September 29, 2009
Sorry, I still don’t have enough time on my hands to get into a point-by-point discussion with ADRIAN IVAKHIV’S LATEST POST. However, I have to say that I find less convincing material in this post than in perhaps any of his others. Just to mention a few points:
*”This seems to be classifying each thinker according to the way they present space — as made up of actual individuals (Whitehead) or objects (Latour) versus something more amorphous in Deleuze — rather than how they present time. In contrast to the philosophical mainstream, which each of them opposes or critiques in some way, all three present time as emergent, open, and in a process of creative becoming.”
For Whitehead as for Latour, time is made of occasions. Actual entities last only for an instant. Then they are gone. They have perished. By contrast, I don’t see how the concept of “instant” makes any more sense for Deleuze than it does for Heidegger. In short, Whitehead and Deleuze are as opposed on time as they are on space, so it cuts no ice when Ivakhiv claims I’m trapped in some sort of spatializing of the problem.
And as for this: “all three present time as emergent, open, and in a process of creative becoming.” Almost anyone’s theory of time could meet this standard. I don’t see that this makes for much of an alliance.
*”In Latour this is less clear, but he says so little about objects and so much about processes of network-building, i.e. relational processes, that I think it’s fair to include him in this category.”
Latour doesn’t speak about “objects” because he uses terms like “actors” or “actants” instead. And actors and actants appear on virtually every page of his writings. Hence, it’s not at all true that he speaks “so little about objects,” except in the trivially literal sense that “objects” is my term and not Latour’s.
Also, Latour talks about relations, not relational processes. Latour talks about actors in one state of relations, then talks about how things change so that actors are later in another state of relations. This is by no means the same thing as claiming that process, change, becoming, or flux are prior to stasis.
I think what has happened is really pretty simple. People have decided that traditional philosophy focused too much on stasis and substance. Instead of this, they hold, we should champion process, becoming, and creativity. And for this reason, they want to read every philosopher they happen to like as champions of process, becoming, and creativity.
*”I also think that both [Latour] and Delanda are discussing the same sort of thing — processes of network-building or assemblage (as a verb)”
Latour and DeLanda is a fairly tough alliance to build. DeLanda like Roy Bhaskar ridicules “actualism,” the notion that things are reducible to their current actuality, which is why DeLanda is more interested in attractors and the like than in concrete entities in specific states. By contrast, Latour is probably the great actualist of all living philosophers. An actor for Latour is never anything more than it is here and now. Potentiality is impossible, etc.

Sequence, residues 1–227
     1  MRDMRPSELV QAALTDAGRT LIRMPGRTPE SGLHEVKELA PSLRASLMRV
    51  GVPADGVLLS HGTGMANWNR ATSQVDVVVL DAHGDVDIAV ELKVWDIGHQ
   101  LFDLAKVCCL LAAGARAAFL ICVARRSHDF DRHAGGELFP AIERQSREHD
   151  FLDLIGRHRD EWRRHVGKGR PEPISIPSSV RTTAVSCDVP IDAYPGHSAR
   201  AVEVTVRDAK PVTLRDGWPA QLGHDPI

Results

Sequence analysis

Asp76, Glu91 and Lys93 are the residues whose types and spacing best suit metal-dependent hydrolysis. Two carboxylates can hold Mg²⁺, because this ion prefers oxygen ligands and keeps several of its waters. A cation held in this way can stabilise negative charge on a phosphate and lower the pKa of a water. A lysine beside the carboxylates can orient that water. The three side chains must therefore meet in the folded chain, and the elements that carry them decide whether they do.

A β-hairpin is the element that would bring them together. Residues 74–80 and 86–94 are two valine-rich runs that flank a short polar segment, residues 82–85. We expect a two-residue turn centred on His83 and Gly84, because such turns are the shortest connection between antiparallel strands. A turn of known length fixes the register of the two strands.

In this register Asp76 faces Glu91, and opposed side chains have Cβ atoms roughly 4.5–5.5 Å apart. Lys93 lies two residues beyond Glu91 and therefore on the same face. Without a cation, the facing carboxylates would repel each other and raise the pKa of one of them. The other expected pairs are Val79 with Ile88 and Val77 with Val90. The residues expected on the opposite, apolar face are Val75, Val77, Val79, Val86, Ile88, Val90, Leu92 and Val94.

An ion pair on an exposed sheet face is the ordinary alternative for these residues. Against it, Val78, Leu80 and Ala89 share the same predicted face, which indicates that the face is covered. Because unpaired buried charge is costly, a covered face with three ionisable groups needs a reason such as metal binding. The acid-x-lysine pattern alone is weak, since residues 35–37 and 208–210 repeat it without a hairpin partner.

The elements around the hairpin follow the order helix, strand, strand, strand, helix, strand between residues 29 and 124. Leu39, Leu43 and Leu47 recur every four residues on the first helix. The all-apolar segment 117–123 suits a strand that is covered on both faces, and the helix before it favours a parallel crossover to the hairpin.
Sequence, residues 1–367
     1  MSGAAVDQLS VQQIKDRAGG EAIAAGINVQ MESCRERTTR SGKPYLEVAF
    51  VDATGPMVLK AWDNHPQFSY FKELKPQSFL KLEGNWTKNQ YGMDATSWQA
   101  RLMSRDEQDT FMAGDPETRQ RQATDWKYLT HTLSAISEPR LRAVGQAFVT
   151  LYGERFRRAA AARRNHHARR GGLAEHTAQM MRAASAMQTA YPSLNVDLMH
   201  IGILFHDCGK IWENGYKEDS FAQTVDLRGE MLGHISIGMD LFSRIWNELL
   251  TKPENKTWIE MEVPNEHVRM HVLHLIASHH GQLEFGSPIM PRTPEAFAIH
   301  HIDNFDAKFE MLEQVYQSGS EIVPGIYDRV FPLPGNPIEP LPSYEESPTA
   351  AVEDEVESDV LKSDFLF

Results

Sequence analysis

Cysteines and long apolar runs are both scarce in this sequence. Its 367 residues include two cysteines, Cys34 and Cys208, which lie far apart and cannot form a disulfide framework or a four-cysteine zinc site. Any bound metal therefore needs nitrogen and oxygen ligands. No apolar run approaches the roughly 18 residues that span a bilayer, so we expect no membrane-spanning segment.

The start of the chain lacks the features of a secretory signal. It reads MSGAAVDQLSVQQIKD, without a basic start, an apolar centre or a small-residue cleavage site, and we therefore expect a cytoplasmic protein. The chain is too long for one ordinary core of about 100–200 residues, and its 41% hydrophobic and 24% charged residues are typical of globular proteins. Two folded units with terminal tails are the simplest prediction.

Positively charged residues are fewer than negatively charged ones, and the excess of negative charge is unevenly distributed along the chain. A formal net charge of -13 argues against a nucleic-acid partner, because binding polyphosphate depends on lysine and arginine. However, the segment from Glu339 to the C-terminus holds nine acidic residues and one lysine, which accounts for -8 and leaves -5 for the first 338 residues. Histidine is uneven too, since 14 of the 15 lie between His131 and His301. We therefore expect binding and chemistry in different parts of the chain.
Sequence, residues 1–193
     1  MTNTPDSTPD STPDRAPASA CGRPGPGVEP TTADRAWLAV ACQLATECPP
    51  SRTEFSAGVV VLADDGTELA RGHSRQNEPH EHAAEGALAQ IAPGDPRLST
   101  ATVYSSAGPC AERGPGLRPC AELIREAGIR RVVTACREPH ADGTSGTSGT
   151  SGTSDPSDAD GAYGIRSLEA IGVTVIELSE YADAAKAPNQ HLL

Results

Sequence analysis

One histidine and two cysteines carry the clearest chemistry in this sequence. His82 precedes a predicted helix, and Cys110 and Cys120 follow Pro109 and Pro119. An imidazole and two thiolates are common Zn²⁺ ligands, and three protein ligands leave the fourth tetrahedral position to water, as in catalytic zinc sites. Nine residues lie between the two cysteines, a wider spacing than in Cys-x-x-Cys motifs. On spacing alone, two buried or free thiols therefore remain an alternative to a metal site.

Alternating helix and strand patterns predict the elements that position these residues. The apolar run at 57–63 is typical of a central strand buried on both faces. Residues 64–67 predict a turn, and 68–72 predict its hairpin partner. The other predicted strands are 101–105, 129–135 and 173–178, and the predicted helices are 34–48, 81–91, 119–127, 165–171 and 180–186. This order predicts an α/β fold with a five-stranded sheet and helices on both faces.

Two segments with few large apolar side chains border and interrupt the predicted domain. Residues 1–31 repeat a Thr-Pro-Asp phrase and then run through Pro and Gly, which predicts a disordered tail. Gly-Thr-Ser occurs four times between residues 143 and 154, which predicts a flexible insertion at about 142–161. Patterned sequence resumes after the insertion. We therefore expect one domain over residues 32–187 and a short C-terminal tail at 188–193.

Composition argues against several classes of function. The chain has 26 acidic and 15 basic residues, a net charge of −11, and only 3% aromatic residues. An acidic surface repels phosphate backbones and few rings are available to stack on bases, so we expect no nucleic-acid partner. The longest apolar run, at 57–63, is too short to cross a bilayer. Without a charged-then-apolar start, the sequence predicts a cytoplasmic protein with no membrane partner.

*”It’s true that for Whitehead, ‘everything that happens has its reason in the constitution of some actual entity,’ but that’s only the case if we take that ‘constitution’ as including the relations that make it up (including the “lure” of God, if we use his theological language, that brings out the creativity of every actual occasion/entity).”
To my mind, this merely confuses what is really a very simple issue.
Whitehead makes it very clear that “actual entities” are the root of his entire philosophy, just as Latour makes it clear that “actors” are the root of his.
Try the following sentences, and see how they sound.
*”For Whitehead, everything that happens has its reason in the constitution of some actual entity.” True. In fact, merely basic.
*”For Latour, everything that happens has its reason in the constitution of some actual entity.” Another true statement.
But now try these…
“For Bergson, everything that happens has its reason in the constitution of some actual entity.” Doesn’t pass the straight face test.
“For Simondon, everything that happens has its reason in the constitution of some actual entity.” Has it so backwards that it’s time to start from scratch.
“For Deleuze, everything that happens has its reason in the constitution of some actual entity.” Give me a break.
“For DeLanda, everything that happens has its reason in the constitution of some actual entity.” Completely false.
I’m not even sure what more I can do to argue the point. If people want to lump a whole bunch of “creative philosophers of process” together in one sack, I can’t stop them, but I don’t see the merit of this. It’s certainly true that both Whitehead and Deleuze are critics of the traditional theory of static substance. But they criticize it in completely different ways (Deleuze undermines it: substance is too specific; Whitehead overmines it: substance is not specific enough). And moreover, they are hardly alone in criticizing static substance. Kant does too, but for completely different reasons. Heidegger does too, but for completely different reasons. Nietzsche does too, but for completely different reasons.
In short, there are so many possible utterly different reasons for rejecting traditional substance that to group all such rejecters together is about as helpful as putting all right-handed philosophers in a group. I exaggerate only slightly.
But this is one of those arguments that often feels hopeless to me, because I think I’ve already argued the point as well as one can, and yet people still want to act as though “process” is a relevant term for gigantic swathes of recent philosophy that are often exact opposites on the most basic philosophical questions. It simply isn’t very philosophically illuminating to say that both Deleuze and Whitehead like change.